The Pizza Power Report adds that the industry showed resilience through COVID over the past two years, led by “independent operators” while “their non-pizza restaurant counterparts struggled to deliver food that simply wasn’t meant to travel.”
This largely corresponds to the picture painted by Dominik Tyliszczak, owner of Maryjane Pizza, which was originally founded in 2004 but only recently expanded to four locations around Taipei. He believes Taiwan has internationalized and is more welcoming to foreign businesspeople, while the economy is doing relatively well. Such circumstances have helped pizza chains spread their wings.
Like David Pan, who describes pizza in Taiwan a decade ago as “glorified tortillas topped with spaghetti sauce and mozzarella cheese,” Tyliszczak says the scene has vastly improved and is now world-class in scope and quality.
“A lot of young people who learned how to make real pizza abroad have come back to Taiwan to make it here. There’s good pizza everywhere,” says Tyliszczak. He rattles off several high-profile restaurants in Taipei, then talks about how ubiquitous pizza is even in the far-flung southern resort town of Kenting, Pingtung County. “There are at least three or four roadside trucks that sell really good wood-oven fired pizzas.”
A DJ, VJ, and designer, Tyliszczak likes the branding elements of his enterprise but has also devoted hours of effort to making the perfect dough. During the pandemic, he tinkered with the recipe so it retained more moisture. He also re-engineered the boxes to keep in the heat better because deliveries had become a bigger part of the business.
Tyliszczak cites the rise of Pizza Rock as an example of how doing pizza right can be financially rewarding. Ugo Ortolano and his wife, Ruby Lai, thought there was a gap in the market for proper pizza in the late 2000s. The Canadian was so sure of his hunch that he went on a pilgrimage to Italy to discover how pizza should be made.
Drawing on his Italian roots, Ortolano experimented and eventually came up with what he called a “neo-Neapolitan” – stone-baked, thin-crust pizza. He opened his first outlet in Taichung in 2011 and began expanding to a dozen outlets over the next five years. The couple now has a thriving “gourmet pizza” franchise operation, with 27 stores all over the country.
Both Tyliszczak and Pan believe the independent pizza operator business in Taiwan has flourished because it is authentic and Westernized, rather than pandering to local tastes. However, as has already been noted, some localization has occurred and perhaps Taiwan, in time, will proudly bake its own version of the dish, in the same way that New York and Chicago so successfully adapted the Naples-style pizza in the first half of the 20th century.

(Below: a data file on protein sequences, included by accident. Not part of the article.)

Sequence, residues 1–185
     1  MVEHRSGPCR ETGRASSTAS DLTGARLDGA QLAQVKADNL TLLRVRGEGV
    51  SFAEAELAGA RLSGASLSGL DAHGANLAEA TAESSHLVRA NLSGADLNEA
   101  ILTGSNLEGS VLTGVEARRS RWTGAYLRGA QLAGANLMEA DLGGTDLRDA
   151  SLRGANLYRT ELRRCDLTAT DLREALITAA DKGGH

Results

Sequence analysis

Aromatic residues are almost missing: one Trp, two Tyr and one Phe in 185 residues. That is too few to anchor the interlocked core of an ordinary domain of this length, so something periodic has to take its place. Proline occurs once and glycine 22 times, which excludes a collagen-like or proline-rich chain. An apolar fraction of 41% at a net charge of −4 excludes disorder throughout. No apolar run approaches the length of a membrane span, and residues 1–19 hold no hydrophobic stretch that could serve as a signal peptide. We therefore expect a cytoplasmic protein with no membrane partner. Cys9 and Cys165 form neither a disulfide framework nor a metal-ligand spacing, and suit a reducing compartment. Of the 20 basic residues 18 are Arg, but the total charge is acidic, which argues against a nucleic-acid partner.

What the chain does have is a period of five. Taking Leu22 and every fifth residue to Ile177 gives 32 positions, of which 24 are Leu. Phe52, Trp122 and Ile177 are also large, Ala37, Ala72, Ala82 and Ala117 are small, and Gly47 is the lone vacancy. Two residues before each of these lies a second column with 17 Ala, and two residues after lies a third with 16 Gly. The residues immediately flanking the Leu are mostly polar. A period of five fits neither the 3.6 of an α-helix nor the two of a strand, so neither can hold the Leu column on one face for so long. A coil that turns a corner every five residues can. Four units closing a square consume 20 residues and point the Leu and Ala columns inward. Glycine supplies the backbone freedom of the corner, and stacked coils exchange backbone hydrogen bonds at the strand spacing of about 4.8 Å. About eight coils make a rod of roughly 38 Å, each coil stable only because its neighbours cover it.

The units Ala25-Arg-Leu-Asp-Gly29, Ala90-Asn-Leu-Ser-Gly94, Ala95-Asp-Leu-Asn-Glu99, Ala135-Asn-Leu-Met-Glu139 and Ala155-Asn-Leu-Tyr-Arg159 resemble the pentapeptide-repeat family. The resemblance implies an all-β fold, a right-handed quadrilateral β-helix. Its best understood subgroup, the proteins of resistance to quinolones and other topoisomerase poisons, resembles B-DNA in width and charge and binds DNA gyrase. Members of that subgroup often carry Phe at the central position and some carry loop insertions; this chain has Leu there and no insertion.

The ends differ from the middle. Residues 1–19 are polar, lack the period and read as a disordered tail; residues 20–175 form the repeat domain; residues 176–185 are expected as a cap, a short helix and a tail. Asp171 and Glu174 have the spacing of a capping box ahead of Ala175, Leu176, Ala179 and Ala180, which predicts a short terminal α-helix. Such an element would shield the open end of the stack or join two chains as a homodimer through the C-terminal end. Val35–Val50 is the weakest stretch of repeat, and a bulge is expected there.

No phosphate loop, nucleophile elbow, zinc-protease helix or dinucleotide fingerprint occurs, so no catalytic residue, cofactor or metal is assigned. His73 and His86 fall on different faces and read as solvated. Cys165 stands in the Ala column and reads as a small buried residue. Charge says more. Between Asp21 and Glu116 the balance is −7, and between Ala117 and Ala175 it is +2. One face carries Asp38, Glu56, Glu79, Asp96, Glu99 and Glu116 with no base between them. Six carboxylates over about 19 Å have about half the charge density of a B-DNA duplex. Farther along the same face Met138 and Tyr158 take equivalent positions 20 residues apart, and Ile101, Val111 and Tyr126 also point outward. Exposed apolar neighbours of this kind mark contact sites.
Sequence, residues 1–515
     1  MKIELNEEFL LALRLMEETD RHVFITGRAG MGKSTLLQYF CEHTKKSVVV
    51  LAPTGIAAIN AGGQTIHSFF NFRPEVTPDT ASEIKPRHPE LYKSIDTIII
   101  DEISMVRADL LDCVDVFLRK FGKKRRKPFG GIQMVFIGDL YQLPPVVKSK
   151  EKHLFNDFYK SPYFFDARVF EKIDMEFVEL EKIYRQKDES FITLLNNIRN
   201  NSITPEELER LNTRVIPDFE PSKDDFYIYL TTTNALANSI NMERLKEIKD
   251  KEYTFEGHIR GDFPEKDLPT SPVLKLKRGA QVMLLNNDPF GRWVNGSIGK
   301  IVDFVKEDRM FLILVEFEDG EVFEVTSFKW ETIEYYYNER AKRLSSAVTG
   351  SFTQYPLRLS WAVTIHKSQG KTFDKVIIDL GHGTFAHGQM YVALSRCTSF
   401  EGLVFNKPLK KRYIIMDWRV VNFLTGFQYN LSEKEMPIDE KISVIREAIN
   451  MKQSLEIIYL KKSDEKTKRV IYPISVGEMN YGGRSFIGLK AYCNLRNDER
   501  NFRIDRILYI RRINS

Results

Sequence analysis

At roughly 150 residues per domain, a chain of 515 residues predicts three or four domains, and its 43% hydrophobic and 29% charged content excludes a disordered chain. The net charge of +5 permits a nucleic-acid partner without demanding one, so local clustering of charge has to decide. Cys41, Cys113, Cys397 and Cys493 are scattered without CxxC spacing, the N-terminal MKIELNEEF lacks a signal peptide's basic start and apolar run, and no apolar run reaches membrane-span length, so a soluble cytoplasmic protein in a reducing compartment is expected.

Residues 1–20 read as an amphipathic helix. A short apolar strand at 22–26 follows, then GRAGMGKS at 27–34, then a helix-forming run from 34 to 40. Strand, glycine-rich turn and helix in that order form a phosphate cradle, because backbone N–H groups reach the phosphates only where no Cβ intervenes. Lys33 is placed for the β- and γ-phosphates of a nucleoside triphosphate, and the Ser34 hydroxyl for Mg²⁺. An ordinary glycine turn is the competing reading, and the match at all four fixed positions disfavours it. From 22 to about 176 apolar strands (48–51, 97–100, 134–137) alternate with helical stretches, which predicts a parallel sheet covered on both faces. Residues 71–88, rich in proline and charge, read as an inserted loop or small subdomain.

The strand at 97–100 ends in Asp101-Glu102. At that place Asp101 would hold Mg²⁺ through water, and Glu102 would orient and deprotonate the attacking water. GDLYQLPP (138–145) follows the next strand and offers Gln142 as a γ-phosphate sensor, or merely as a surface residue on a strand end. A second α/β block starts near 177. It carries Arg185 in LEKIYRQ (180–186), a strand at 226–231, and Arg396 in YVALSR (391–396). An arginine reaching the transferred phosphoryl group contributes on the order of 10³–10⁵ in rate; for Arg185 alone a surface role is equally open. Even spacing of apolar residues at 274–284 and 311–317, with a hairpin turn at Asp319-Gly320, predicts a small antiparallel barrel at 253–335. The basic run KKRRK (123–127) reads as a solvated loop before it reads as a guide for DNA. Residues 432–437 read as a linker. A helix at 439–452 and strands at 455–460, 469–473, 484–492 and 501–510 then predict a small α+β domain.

While Canada’s contribution of the Hawaiian pizza, with its toppings of ham and pineapple, used to be shocking, it is standard fare on menus these days. Bananas are popular in Iceland and Sweden, while India has tandoori chicken pizza, and there is spaghetti pizza in New Zealand.
So far, Taiwan’s main claim to pizza fame is nontraditional pizza offerings. When boba milk tea blew up in 2019, both Pizza Hut and Domino’s got in on the act with their own “limited edition” tapioca ball pizzas. No one should have been surprised as unusual concoctions have been a thing since at least 2007, when Pizza Hut came up with rice pizza and even developed a portmanteau for it: “mizza,” from the Chinese word for rice, mi (米).
Since then, there have been toppings such as spicy hotpot, cilantro and century egg with pig’s blood, beef and kiwi, glutinous rice, ramen, stinky tofu, durian and coffee, and “crispy salt and pepper dragon balls” (the mouths of squid or octopi). Taiwan has also rolled out both hot dog and peanut sauce pizza crusts, in addition to a cauliflower crust that was advertised as having 66% fewer calories than the original.
While the combinations sound fairly random, the fact is a lot of computer power has been harnessed to come up with toppings that tickle local taste buds. An August 2021 Bloomberg article on the subject found the forward-looking Pizza Hut was using big data to analyze social media posts and come up with word clouds for novel toppings.
No doubt it also helps that “weird” toppings get significant media coverage, from local papers to international editions and segments on CNN. This, too, is calculated. For example, the marketing agency for Pizza Hut’s ramen pizza was Taiwan’s Isobar. Its ad campaign was formulated on the idea of “a pizza that offended 2 countries,” and it amplified social media chatter about cultural food wars to maximize exposure.
When Maryjane’s Tyliszczak wanted to garner some attention for a new restaurant opening, he came up with the idea of the 24k pizza, which was covered in edible, rolled gold. The NT$1,699 pie with four kinds of cheese and pepperoni made it onto Taiwan’s news channels. From a marketing point of view, however, the timing could have been more fortuitous, as former President Lee Teng-hui passed away the same day and the headlines understandably belonged to him.
David Pan is all for innovation. “I don’t begrudge people experimenting with their toppings,” he says. “Gabriele Bonci, the owner of the famous Bonci Pizzarium in Rome, is famous for his combinations which include spring beans and eggplant puree, pumpkin puree and octopus, and zucchini flowers and anchovies. If you think of pizza as a platform, it’s only natural for people to want to top it with flavors with which they are familiar.”
However, he tends to downplay “strange toppings as really just marketing,” saying, “Taiwanese love new things, they’re always ready to try them out. They have a taste for something they like, and they put it on pizza crust or dough and have it once, but they’re not going to be coming back for it.”
Clearly, Taiwan already has an evolving adopt and adapt strategy toward pizza and deserves a mention in Wikipedia’s extensive “List of pizza varieties by country.” However, localizing pizza in such a way that it’s more than just a novelty – here today, gone tomorrow – is another question.
“For that, for something genuinely innovative, we will need to wait around 10 to 15 years… for [Taiwanese] pizzaiolos to have really mastered their craft,” says Pan. “Then they may be in the position to do something with pizza similar to what Americans or migrating Italians did in America.”